There is street art. There are cliches. And there are street-art cliches (SAC). That said, we think “trope” is the better suited word here rather than the word “cliche.” So, “street-art trope.” (SAT, of course). There are street art tropes! There is, dare we use the term, “tropey” street art. There we said it.

“What are some of these street-art tropes?” you ask, savvy reader? That’s a fair question, if ever there was. There are a few broad categories and types. But the most obvious type, if most flagrant, is the use of cheery pop-cultural icons, often cartoon characters, juxtaposed with some very un-cheery and serious imagery, like a gun.

There’s practically a formula matrix you can follow to create this kind of street art. For example …

… say, you want to make a wheat-paste street art poster based on this formula. Take an image of Disney’s Mickey Mouse, but make an image of Mickey holding a machine gun. Et Voila!  Tropey street art.

Or take McDonald’s Ronald McDonald and show him dressed as a soldier making a fascist salute. Or have Elvis Presley playing a machine gun instead of a guitar. Or create an image of Snow White’s Dopey holding a machine gun. Or MIckey Mouse as a gun-range shooting target. As you can see, guns are a popular and powerful visual component — Basically just adding a gun to any street art image is a trope too!

Even if it’s prone to being dismissed as a cliche, some of these tropes can be used in clever ways and make for compelling and evocative — and provocative — street art. But lot of it seems … well, lazy. Too easy. Unoriginal. Not just unoriginal, but insanely unoriginal. We’ve seen it before and … yaaaaaaawwwwwn.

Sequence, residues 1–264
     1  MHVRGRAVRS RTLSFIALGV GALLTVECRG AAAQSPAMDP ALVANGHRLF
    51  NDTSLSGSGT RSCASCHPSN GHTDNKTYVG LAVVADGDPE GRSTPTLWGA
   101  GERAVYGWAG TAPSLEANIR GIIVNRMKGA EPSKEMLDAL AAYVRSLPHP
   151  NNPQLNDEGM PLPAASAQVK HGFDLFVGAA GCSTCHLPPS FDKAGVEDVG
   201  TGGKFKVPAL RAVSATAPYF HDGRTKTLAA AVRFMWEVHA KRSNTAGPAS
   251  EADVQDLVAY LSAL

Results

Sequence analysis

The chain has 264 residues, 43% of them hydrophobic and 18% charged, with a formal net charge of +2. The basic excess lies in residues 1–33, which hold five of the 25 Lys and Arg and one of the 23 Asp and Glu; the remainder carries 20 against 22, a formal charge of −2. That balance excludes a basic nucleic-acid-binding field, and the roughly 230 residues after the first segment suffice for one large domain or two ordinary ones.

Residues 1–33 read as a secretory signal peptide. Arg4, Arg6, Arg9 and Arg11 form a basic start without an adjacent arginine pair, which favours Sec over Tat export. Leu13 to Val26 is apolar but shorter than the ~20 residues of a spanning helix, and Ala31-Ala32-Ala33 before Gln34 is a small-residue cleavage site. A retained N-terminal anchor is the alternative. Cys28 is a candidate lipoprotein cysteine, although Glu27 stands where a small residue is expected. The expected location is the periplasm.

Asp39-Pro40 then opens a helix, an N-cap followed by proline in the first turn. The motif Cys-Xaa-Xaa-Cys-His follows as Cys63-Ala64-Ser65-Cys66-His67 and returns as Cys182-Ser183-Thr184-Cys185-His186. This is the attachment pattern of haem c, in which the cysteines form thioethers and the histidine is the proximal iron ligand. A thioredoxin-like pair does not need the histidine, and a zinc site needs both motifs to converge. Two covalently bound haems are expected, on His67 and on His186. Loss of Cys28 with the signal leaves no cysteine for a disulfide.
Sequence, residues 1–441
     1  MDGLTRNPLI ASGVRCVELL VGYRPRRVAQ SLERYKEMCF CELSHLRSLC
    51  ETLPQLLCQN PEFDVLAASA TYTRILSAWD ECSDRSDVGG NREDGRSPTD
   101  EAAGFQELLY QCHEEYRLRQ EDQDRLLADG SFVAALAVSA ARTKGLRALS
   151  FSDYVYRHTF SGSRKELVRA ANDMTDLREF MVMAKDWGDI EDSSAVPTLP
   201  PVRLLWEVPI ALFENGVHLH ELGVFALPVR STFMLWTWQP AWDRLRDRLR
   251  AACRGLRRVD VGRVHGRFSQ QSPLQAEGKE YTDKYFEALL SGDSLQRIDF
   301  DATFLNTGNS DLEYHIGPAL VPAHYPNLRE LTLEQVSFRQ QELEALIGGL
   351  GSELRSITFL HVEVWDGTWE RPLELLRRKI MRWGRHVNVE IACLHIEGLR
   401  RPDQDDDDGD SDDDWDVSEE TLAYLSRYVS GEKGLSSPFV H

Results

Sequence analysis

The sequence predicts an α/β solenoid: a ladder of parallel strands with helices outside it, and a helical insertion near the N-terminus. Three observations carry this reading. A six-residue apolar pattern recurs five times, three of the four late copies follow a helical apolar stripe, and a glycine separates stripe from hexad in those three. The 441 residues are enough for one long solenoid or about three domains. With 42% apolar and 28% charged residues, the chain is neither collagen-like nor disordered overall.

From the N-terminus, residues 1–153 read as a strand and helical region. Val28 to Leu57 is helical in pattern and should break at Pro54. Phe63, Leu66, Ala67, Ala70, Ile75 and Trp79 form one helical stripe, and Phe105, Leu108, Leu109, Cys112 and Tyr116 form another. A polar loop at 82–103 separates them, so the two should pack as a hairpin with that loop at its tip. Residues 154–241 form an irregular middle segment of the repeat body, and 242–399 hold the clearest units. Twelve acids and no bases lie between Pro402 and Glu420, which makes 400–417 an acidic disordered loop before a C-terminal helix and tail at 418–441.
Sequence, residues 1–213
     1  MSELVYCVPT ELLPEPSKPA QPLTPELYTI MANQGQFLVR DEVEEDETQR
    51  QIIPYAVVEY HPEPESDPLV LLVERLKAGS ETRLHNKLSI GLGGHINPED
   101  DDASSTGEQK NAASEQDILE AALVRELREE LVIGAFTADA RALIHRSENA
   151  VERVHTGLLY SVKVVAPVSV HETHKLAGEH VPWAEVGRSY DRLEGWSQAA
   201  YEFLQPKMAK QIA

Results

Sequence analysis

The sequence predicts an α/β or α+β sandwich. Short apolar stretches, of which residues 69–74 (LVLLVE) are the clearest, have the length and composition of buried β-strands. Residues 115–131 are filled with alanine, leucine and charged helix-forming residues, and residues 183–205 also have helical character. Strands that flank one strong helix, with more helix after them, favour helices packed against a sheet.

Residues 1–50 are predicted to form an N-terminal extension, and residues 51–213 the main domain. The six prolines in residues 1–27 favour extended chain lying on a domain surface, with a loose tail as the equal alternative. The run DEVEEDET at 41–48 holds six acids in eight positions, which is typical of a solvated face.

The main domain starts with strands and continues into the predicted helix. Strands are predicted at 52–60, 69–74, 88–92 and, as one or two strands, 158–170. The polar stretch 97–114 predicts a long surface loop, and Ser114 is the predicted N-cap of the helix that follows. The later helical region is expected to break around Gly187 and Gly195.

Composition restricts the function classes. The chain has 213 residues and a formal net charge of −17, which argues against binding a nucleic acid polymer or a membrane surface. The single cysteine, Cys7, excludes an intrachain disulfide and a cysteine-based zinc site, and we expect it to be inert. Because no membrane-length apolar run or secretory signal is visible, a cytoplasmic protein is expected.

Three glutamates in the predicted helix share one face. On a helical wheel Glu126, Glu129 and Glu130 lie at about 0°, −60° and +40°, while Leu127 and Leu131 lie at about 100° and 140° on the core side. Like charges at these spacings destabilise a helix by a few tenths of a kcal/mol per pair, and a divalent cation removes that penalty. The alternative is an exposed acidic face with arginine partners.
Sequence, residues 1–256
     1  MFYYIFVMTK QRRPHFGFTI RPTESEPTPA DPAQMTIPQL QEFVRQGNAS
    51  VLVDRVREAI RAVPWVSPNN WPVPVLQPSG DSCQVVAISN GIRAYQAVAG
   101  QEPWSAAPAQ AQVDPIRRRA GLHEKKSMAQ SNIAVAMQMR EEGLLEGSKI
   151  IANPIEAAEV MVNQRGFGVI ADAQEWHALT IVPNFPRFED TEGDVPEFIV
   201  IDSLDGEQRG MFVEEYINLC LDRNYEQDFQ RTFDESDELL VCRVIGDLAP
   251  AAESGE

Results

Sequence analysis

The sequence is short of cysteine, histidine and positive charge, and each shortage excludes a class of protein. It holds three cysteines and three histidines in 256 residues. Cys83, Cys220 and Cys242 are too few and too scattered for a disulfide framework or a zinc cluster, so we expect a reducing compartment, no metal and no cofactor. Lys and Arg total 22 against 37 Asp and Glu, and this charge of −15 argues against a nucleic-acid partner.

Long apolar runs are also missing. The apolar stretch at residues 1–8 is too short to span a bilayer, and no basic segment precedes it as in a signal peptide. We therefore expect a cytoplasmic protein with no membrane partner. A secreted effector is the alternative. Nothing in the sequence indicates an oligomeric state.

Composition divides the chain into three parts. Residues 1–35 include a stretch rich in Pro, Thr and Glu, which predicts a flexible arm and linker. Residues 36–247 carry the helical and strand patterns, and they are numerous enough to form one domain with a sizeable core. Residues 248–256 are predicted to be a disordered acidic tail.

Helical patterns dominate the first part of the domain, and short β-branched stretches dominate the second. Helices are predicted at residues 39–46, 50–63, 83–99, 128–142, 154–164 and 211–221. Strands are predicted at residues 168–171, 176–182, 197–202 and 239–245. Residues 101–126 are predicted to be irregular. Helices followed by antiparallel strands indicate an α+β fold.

But, wait, there’s more.  Animals, especially pets, cats and dogs, are a trope, too. These are either photorealistic renderings of canines or felines, sometimes life-size, as stand-alone artworks (also see pic above and below of dog street art we found in Venice, Los Angeles), or the pets are engaged in some other activity, like riding a skateboard or as ringmaster of a circus.

Or how about mashing up tropes? How about a dog with a machine gun!!! Or a man in a suit wearing a dog mask and carrying a hand-gun?!?!?

And yet there’s more. Another street-art trope is the mixing of celebrity images with other iconic and tropey images, like the above, or depicting celebrities in preposterous situations.

For example, mashing up Kanye West and Ronald McDonald. Or, say, Donald Trump with a “toy.” (One could argue that Donald Trump is an outlier insofar as he himself is preposterous.) In fact, Donald Trump is now a street art trope unto himself! Albeit he is a street-art trope largely in the form of biting and witty political commentary and/or humor or activism or all of these things rolled into one.

So there there you have it, kids! Your starter list for go-to street art tropes: Guns, Mickey Mouse, guns, Ronald McDonald, guns, dogs, machine guns, cats, hand-guns, Kanye, (did we mention guns?), Donald Trump. 

What are some others? Let us know!

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